Received: 03-Mar-2023, Manuscript No. ABR-23- 93996; Editor assigned: 06-Mar-2023, Pre QC No. ABR-23- 93996(PQ); Reviewed: 20-Mar-2023, QC No. ABR-23- 93996; Revised: 27-Mar-2023, Manuscript No. ABR-23- 93996(R); Published: 03-Apr-2023 , DOI: 10.4172/0976-1233.009
EX-ray Computed Tomography (CT) has revolutionized the field of medical imaging, providing detailed 3D representations of internal structures without the need for invasive procedures. However, CT is not limited to medical applications and has found use in other fields, including plant science. With the advancements in X-ray CT, it has become a valuable tool for non-invasive, non-destructive visualization and quantification of internal structures in 3D in plants.
Analyze how two okra genotypes, Hassawi okra and the commercial Clemenson genotype respond to various X-ray dosages in terms of germination and biochemical analyses. Different X-ray dosages were administered to the two okra genotypes (0 Gy-100 Gy). According to the results, when compared to untreated plants, the two okra genotypes significantly increased in all morphological criteria, total pigment, enzymatic antioxidants (ascorbic acid, glutathione and anthocyanin) and nonenzymatic antioxidants (ascorbate peroxidase, catalase and superoxide dismutase). In contrast, the two okra genotypes were significantly more affected by lipid peroxidation and oxidative damage (hydrogen peroxide and superoxide anion) when exposed to high doses of X-rays above 5 Gy.
Traditional optical-based techniques for visualizing plant tissues are limited by the size and transparency of the sample and only provide 2D information. Optical Projection Tomography (OPT) allows for 3D structural data of small samples, but still requires sample preparation and staining. Non-invasive methods like PET and MRI have also been used, but they are better suited for physiological studies.
X-ray micro-CT has emerged as a powerful tool for 3D imaging of plant tissues and organs. The imaging process is based on differential attenuation of X-rays in relation to tissue density and atomic number. Recent advances in X-ray CT technology have allowed for high-resolution imaging of plant structures, including roots, leaves, flowers and fruits. The ability to image the internal structures of plant tissues and organs in 3D without destroying the samples has greatly expanded the scope of plant research.
X-ray CT has been used to study plant development and organogenesis, to quantify the distribution of nutrients and water in plant tissues and to investigate the effects of environmental stress on plant growth. For example, X-ray CT has been used to study the development of Arabidopsis thaliana, a model plant for genetic research and to quantify the distribution of water in maize roots. X-ray CT has also been used to study the impact of drought stress on the growth and development of tomato plants. One of the major advantages of X-ray CT is its ability to obtain 4D data, which allows for the visualization of changes in plant tissues over time. Recent technological advancements have allowed for the non-invasive imaging of plant root growth in 4D, revealing new insights into the mechanisms of root development and the impact of environmental conditions on root growth. This ability to capture dynamic changes in plant tissues in 3D and 4D will greatly enhance our understanding of plant growth and development.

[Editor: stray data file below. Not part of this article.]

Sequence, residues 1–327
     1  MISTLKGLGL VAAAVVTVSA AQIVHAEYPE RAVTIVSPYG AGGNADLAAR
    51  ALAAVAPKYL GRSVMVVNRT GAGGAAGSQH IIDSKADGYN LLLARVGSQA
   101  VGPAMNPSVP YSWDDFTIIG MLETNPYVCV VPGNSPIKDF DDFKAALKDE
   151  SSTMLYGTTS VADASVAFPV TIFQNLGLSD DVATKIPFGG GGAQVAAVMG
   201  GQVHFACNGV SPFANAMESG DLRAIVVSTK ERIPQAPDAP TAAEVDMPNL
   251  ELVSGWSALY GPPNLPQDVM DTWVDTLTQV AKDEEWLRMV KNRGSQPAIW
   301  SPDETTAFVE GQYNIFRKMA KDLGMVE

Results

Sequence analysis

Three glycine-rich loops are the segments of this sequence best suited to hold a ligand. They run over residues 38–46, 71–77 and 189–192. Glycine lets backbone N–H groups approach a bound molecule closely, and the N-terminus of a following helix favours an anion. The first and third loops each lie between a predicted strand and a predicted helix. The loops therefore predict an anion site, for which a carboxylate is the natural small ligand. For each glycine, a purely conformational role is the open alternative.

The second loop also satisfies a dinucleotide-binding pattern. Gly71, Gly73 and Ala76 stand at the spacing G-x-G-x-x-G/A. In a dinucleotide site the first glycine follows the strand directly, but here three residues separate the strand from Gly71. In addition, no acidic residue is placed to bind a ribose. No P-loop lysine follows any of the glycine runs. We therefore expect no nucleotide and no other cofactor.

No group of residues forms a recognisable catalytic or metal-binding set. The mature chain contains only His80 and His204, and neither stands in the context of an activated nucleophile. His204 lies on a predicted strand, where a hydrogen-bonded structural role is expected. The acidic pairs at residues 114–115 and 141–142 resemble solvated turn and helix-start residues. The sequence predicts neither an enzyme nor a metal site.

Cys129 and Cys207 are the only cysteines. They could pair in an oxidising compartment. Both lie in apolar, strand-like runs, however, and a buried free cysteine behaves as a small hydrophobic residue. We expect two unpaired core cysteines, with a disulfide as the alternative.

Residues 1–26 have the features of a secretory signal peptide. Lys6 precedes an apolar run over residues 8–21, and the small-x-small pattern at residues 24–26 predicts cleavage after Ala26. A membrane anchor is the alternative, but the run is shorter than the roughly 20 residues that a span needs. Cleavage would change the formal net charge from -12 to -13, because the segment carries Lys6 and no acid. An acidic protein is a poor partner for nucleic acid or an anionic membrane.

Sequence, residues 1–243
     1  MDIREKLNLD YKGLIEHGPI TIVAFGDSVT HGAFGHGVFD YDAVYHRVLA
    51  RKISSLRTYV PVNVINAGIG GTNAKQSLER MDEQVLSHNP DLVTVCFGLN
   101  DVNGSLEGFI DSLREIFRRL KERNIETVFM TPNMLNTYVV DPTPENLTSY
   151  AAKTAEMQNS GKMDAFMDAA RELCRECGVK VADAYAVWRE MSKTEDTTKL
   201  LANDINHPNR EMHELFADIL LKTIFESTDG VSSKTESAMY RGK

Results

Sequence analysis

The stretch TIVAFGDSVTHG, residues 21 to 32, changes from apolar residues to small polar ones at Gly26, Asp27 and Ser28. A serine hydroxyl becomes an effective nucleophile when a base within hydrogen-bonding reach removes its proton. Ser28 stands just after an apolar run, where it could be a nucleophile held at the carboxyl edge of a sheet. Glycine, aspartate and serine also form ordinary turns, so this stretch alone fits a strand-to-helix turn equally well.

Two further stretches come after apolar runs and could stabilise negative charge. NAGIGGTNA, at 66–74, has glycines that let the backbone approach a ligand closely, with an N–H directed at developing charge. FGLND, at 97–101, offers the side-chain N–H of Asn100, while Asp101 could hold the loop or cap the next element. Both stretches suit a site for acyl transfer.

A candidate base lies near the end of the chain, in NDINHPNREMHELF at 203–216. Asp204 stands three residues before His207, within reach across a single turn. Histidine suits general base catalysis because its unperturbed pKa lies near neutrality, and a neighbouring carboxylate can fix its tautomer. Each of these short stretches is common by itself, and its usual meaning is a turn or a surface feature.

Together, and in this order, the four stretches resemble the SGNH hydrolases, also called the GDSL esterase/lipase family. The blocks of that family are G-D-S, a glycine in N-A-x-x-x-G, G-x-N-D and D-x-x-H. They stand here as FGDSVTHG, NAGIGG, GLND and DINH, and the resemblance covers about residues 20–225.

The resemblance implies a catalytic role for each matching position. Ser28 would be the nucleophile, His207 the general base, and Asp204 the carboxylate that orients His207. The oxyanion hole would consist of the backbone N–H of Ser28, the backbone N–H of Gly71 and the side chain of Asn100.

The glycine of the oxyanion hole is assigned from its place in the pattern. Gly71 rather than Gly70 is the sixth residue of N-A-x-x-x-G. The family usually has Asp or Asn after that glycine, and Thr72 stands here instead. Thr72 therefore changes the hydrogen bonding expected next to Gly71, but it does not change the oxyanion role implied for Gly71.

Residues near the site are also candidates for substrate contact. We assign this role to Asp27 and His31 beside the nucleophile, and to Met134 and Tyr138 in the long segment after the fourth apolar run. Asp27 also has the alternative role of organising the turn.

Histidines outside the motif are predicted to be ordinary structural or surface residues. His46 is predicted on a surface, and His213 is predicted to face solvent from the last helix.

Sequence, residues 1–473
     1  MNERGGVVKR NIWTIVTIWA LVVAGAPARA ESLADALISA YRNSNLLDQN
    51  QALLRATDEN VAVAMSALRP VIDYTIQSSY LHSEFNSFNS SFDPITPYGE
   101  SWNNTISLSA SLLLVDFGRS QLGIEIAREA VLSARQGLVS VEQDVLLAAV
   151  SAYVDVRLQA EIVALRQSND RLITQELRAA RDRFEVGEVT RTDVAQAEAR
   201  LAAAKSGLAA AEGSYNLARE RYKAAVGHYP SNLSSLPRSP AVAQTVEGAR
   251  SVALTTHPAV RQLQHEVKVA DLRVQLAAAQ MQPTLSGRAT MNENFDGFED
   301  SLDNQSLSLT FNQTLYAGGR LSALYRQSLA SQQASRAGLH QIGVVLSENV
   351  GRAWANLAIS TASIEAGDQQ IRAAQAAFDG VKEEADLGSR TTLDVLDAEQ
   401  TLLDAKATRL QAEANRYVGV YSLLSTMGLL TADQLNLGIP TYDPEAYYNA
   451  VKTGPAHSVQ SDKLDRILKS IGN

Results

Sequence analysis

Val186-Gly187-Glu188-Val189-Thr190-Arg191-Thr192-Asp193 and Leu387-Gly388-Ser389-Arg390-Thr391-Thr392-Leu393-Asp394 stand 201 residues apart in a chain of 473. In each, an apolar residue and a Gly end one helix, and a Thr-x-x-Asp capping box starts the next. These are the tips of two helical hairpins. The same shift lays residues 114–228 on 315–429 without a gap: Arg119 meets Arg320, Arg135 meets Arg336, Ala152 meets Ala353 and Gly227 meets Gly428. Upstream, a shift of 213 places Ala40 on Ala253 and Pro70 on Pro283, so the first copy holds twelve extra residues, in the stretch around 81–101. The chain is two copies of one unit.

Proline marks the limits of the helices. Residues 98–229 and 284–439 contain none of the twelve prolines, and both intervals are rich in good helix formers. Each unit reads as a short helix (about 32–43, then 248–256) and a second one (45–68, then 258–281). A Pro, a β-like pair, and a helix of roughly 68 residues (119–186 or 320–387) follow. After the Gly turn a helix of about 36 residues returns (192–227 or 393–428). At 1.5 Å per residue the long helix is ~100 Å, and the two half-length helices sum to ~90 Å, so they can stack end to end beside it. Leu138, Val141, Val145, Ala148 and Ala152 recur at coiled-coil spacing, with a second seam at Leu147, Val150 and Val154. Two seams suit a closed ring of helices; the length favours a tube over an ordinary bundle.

In addition to its use in plant science research, X-ray CT has potential applications in agriculture and horticulture. X-ray CT can be used to visualize the internal structures of fruits and vegetables, which can aid in the selection of high-quality produce for consumers. X-ray CT can also be used to study the impact of different environmental conditions on plant growth and development, which can inform the development of new agricultural practices. X-ray computed tomography is a valuable tool for non-invasive, non-destructive imaging of plant tissues and organs in 3D and 4D. Recent advancements in X-ray CT technology have greatly expanded the scope of plant research and have potential applications in agriculture and horticulture. X-ray CT has the potential to revolutionize our understanding of plant growth and development and improve the quality of produce for consumers.